Like the rest of the country, I watched the Super Bowl on Sunday, enjoying the game but paying more attention to the ads. I had a few favorites, but there was one that stuck out to me that could easily be re-purposed for an entirely different campaign.
Clint Eastwood’s Dodge ad played during halftime, and its subject was halftime in America. While the ad was about the rebirth of the Dodge brand and the automobile industry in Detroit, it could have very easily have been an ad for a political campaign.
Watch the ad below:
In fact, I wouldn’t be stunned to find out if both of the campaign masterminds with the Romney and the Obama campaigns are already on the phone with the producers of the Dodge ad to try to replicate it for their respective campaigns.
Obviously, it’s a better fit for the Obama campaign because of its optimistic nature and the fact that it mentions, halftime, which President Obama hopes 2012 represents for him.
But on a deeper level, the ad shows the way each campaign can recognize the tough nature of our current economy, but also elaborate on why all of us can hope for a better tomorrow. And there isn’t a more quintessentially American voice than Clint Eastwood, so I wouldn’t be surprised if campaign folks are recognizing the value of the voice as well.
But more importantly, I think this ad points out the fact that in the sea of negativity that will be the general election campaign, a positive ad this powerful can stand out and would likely be extremely effective.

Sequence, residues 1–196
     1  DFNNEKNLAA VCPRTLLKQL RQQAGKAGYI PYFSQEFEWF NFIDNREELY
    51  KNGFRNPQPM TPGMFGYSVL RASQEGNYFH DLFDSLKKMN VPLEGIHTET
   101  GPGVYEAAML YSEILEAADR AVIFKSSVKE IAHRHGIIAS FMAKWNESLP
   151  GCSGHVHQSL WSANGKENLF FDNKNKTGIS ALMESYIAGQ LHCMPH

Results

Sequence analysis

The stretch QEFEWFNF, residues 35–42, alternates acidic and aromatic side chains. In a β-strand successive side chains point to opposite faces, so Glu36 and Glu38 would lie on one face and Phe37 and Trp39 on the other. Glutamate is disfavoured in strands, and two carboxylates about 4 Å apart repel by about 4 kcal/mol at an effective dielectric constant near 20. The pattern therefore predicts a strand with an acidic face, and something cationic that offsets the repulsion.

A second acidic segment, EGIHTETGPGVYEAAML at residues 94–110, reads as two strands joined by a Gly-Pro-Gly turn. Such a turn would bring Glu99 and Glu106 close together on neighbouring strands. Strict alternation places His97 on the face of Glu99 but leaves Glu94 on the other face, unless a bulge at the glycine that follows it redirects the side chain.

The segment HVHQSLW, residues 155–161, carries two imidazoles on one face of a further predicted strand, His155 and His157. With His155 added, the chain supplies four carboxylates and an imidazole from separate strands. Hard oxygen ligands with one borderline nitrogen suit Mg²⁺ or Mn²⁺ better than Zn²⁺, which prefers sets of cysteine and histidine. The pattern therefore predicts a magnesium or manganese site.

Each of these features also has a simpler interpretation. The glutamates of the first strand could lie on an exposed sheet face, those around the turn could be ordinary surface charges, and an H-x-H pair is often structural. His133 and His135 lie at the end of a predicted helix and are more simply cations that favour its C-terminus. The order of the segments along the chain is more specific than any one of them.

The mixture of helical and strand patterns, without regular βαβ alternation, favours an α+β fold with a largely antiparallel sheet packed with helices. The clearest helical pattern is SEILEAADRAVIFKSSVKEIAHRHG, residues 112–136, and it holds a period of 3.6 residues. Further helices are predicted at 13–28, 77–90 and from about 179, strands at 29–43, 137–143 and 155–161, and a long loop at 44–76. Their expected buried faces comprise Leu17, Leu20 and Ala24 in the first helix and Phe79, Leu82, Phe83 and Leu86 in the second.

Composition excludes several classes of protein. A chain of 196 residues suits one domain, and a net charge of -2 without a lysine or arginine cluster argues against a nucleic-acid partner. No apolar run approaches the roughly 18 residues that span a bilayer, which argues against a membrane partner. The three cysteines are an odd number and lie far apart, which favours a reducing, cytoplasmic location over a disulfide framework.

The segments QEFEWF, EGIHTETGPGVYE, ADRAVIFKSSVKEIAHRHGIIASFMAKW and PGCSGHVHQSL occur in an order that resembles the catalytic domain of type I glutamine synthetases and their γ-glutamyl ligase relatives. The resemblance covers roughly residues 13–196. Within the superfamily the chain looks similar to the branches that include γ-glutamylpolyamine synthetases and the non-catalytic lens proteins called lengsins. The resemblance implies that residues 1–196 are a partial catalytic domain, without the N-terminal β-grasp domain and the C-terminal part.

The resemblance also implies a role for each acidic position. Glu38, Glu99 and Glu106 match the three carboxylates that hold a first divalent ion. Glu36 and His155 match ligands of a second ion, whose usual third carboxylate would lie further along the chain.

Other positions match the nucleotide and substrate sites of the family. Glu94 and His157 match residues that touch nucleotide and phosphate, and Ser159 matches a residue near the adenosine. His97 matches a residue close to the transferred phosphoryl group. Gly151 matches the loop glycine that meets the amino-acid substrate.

Super Bowl ads are not always winners. Frankly, only a few stand out each year. But the ones that do stand out become centers of conversation and live on in our society’s consciousness. I’m unsure if this Dodge ad will have that kind of staying power, but its message certainly is one that will resonate beyond selling cars from Detroit.
I realize that negative ads will rule the 2012 campaign. Negativity will rule the airways because negative ads work.
However, positive ads can also work if they stand out and strike a particular note that resonates with the audience.
Clint Eastwood’s Super Bowl ad showed that you can take a negative situation, yet instill attitude, confidence and hope.
Whether it’s a direct copy or subtle rip-off, do not be surprised if you see a version of this advertisement again in a few months.
The big difference is that the new version will end with someone besides Dodge approving the message.
About The Blogger
– Dominic Dezzutti, producer of the Colorado Decides debate series, a co-production of CBS4 and Colorado Public Television, looks at the local and national political scene in his CBSDenver.com blog. Read new entries here every Monday, Wednesday and Friday. Dezzutti writes about federal, state and local matters and how our elected leaders are handling the issues important to Colorado. Dezzutti also produces the Emmy winning Colorado Inside Out, hosted by Raj Chohan, on Colorado Public Television.